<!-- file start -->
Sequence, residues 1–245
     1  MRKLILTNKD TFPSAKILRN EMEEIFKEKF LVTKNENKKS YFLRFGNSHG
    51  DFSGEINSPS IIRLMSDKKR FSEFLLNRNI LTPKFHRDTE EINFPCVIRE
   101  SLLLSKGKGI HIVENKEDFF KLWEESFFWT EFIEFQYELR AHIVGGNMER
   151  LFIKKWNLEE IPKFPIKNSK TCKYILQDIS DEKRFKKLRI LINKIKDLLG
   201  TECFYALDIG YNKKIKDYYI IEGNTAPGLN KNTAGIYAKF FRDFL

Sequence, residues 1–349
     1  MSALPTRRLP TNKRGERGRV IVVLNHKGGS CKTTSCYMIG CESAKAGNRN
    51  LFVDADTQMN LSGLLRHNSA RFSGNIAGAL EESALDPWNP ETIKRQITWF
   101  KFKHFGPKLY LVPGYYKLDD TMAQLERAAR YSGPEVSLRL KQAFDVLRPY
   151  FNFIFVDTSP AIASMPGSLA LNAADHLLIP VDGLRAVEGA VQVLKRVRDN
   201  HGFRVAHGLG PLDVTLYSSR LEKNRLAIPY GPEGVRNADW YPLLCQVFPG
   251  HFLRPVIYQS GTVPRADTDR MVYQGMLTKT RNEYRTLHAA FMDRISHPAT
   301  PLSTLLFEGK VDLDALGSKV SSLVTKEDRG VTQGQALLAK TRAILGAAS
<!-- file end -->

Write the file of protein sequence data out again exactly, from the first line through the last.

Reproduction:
Sequence, residues 1–245
     1  MRKLILTNKD TFPSAKILRN EMEEIFKEKF LVTKNENKKS YFLRFGNSHG
    51  DFSGEINSPS IIRLMSDKKR FSEFLLNRNI LTPKFHRDTE EINFPCVIRE
   101  SLLLSKGKGI HIVENKEDFF KLWEESFFWT EFIEFQYELR AHIVGGNMER
   151  LFIKKWNLEE IPKFPIKNSK TCKYILQDIS DEKRFKKLRI LINKIKDLLG
   201  TECFYALDIG YNKKIKDYYI IEGNTAPGLN KNTAGIYAKF FRDFL

Sequence, residues 1–349
     1  MSALPTRRLP TNKRGERGRV IVVLNHKGGS CKTTSCYMIG CESAKAGNRN
    51  LFVDADTQMN LSGLLRHNSA RFSGNIAGAL EESALDPWNP ETIKRQITWF
   101  KFKHFGPKLY LVPGYYKLDD TMAQLERAAR YSGPEVSLRL KQAFDVLRPY
   151  FNFIFVDTSP AIASMPGSLA LNAADHLLIP VDGLRAVEGA VQVLKRVRDN
   201  HGFRVAHGLG PLDVTLYSSR LEKNRLAIPY GPEGVRNADW YPLLCQVFPG
   251  HFLRPVIYQS GTVPRADTDR MVYQGMLTKT RNEYRTLHAA FMDRISHPAT
   301  PLSTLLFEGK VDLDALGSKV SSLVTKEDRG VTQGQALLAK TRAILGAAS